The Council of Yilan officially renamed the Diaoyutai Islands “Toucheng Diaoyutai” on June 11th, 2020, arguing that the Diaoyutai Islands have always belonged to the R.O.C (Taiwan).

The move at county level with its effect on national politics is now being interpreted as Taiwan’s reaction to Japan’s recent moves regarding the islands, known in Japanese as the Senkaku islands.

In response to Japan’s Ishigaki City Council in Okinawa prefecture holding a name-change vote for the islands yesterday, the mayor of Yilan county Lin Zi-miao had earlier in the month declared the Diaoyutai Islands “an administrative area of Yilan.”

Lin also invited president Tsai Ing-wen to visit the islands together in a move aimed at demonstrating Taiwan’s sovereignty over the island cluster.

Tsai declined Lin’s request on June 10th, although the president has more than once reiterated Taiwan’s territorial rights over the islands.

“The Diaoyutai Islands are part of the R.O.C (Taiwan),” Tsai said, “Taiwan is dedicated to putting aside the disputes, and cooperating with other countries.”

In the end, Tsai promised that the central government will be careful on handling issues regarding the islands, at the same time safeguarding Taiwan’s sovereignty and maintaining peace as well as stability in the region surrounding the Diaoyutai Islands.

The opposition Kuomintang (KMT) chairman Chiang Chi-chen, however, didn’t seem to fully accept the statement made by Tsai.

“The Democratic Progressive Party (DPP) should confront the Diaoyutai issue rather than verbally make promises,” Chiang said, also expressing hope that President Tsai would visit the islands with him and Yilan fishermen to take practical measures to deal with Japan’s moves.

Chiang further indicated, “there ought to be no partisanship in the Diaoyutai issues.”

The chairman strongly backed the Yilan Council’s rectification of the islands’ issue, at the same time criticizing Tsai for her “pointless political slogans” and for her lack of practical moves regarding the dispute.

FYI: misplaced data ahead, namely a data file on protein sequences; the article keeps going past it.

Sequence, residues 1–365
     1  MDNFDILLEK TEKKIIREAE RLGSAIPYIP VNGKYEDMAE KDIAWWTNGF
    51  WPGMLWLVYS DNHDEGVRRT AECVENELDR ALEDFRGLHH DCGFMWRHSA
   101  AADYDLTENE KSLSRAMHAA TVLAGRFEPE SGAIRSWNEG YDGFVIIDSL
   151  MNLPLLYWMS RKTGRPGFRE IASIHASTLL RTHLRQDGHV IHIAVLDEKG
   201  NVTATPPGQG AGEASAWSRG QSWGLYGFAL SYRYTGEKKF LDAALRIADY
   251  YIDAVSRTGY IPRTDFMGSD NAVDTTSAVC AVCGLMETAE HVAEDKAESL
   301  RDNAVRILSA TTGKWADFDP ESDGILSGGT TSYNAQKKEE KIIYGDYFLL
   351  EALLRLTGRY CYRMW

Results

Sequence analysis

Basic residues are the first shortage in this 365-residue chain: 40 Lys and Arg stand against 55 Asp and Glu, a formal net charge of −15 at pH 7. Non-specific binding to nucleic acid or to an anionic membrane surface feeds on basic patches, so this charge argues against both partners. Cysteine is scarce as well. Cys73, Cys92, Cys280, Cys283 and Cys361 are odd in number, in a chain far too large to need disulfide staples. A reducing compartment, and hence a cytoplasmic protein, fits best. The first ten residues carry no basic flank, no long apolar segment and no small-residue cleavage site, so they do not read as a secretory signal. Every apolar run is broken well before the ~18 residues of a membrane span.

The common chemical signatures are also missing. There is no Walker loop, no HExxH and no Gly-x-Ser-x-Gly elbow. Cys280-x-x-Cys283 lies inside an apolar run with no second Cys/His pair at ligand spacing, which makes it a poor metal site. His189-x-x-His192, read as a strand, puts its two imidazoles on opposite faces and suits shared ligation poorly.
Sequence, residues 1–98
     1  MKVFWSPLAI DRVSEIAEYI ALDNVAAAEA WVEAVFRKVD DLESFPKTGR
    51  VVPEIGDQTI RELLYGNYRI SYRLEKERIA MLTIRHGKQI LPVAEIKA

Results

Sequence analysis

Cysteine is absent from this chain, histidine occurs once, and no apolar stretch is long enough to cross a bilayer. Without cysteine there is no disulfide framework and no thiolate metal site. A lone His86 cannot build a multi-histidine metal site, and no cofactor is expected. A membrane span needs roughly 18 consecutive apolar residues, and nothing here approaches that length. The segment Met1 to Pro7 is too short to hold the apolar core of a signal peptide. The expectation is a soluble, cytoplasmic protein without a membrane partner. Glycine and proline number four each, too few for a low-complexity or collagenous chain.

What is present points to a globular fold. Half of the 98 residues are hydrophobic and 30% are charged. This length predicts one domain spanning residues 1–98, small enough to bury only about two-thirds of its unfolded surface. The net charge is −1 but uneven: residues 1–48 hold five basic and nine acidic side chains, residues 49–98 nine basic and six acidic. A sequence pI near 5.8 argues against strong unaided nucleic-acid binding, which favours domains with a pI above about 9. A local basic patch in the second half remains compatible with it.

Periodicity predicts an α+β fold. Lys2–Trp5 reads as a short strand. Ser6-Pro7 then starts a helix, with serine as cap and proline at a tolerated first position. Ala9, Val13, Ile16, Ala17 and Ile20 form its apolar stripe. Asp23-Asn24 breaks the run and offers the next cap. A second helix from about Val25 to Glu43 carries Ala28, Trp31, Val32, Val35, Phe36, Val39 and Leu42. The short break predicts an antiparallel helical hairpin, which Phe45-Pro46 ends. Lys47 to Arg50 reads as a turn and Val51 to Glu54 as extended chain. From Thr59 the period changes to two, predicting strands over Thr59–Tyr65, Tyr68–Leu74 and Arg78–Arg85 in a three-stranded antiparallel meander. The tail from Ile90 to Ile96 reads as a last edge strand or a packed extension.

Chiang also suggested Tsai talk to Japan’s representative to Taiwan and make clear Taiwan’s stance on the issue of Diaoyutai sovereignty.

“Our president should issue a warning to Japan’s authority,” said Chiang, “in order to protest against Japan’s authoritative moves of renaming the Diaoyutai Islands.”

Hsieh Chang-ting, Taiwan’s representative to Japan, is now being asked by the KMT, the main opposition party in Taiwan, to make a report about the current situation surrounding the Diaoyutai Islands.

In response, Hsieh, on June 22nd, contended that in 1971, when the United States officially returned the Diaoyutai Islands to Japan, the Republic of China (R.O.C) didn’t try to argue about the issue and claim the sovereignty over the islands.

Hsieh stated that Taiwan at the time had diplomatic ties with both the US and Japan, saying “we did have the chance to discuss the Diaoyutai issue, but we gave up the opportunity.”

“Japan’s officials considered the rectification of the island a move against China’s ambitions on the island,” said Hsieh, suggesting the fact that many Japan-Taiwan-friendly NGOs also disapprove of the Ishigaki City Council decision.

China, on the other hand, and predictably, has slammed Japan for playing politics.

The Global Times, a mouthpiece newspaper of the Chinese Communist Party, criticized Japan for encroaching on the Diaoyu Islands as they are known in China.

“Whatever tricks Japan is playing, China’s ownership of the Diaoyu islands is always a truth and can never be denied.”

Compared to Taiwan’s reaction, the Chinese government took a tougher stance in regard to the issue.

As the feud over the Diaoyutai Islands continues, it is clear the issue will surely become another political football for both of Taiwan’s main political parties and the Taiwanese people.

And as President Tsai has long been deemed ‘close to Japan,’ the Taiwanese people now are paying more and more attention on how the president will cope with such a controversial issue, and how her Democratic Progressive Party will confront Japan on the issue.

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